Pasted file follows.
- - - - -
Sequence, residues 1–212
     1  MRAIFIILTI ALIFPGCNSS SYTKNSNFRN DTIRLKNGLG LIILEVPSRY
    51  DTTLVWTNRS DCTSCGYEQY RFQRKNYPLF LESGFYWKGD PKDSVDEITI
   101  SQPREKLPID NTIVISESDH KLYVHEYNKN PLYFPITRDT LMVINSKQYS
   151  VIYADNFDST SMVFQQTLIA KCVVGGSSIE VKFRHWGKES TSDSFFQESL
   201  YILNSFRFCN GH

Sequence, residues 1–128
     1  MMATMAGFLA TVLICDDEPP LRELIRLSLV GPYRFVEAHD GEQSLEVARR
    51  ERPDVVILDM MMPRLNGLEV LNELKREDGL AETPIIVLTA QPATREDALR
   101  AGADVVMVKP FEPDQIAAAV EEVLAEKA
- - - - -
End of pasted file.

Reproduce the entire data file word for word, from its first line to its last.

Sequence, residues 1–212
     1  MRAIFIILTI ALIFPGCNSS SYTKNSNFRN DTIRLKNGLG LIILEVPSRY
    51  DTTLVWTNRS DCTSCGYEQY RFQRKNYPLF LESGFYWKGD PKDSVDEITI
   101  SQPREKLPID NTIVISESDH KLYVHEYNKN PLYFPITRDT LMVINSKQYS
   151  VIYADNFDST SMVFQQTLIA KCVVGGSSIE VKFRHWGKES TSDSFFQESL
   201  YILNSFRFCN GH

Sequence, residues 1–128
     1  MMATMAGFLA TVLICDDEPP LRELIRLSLV GPYRFVEAHD GEQSLEVARR
    51  ERPDVVILDM MMPRLNGLEV LNELKREDGL AETPIIVLTA QPATREDALR
   101  AGADVVMVKP FEPDQIAAAV EEVLAEKA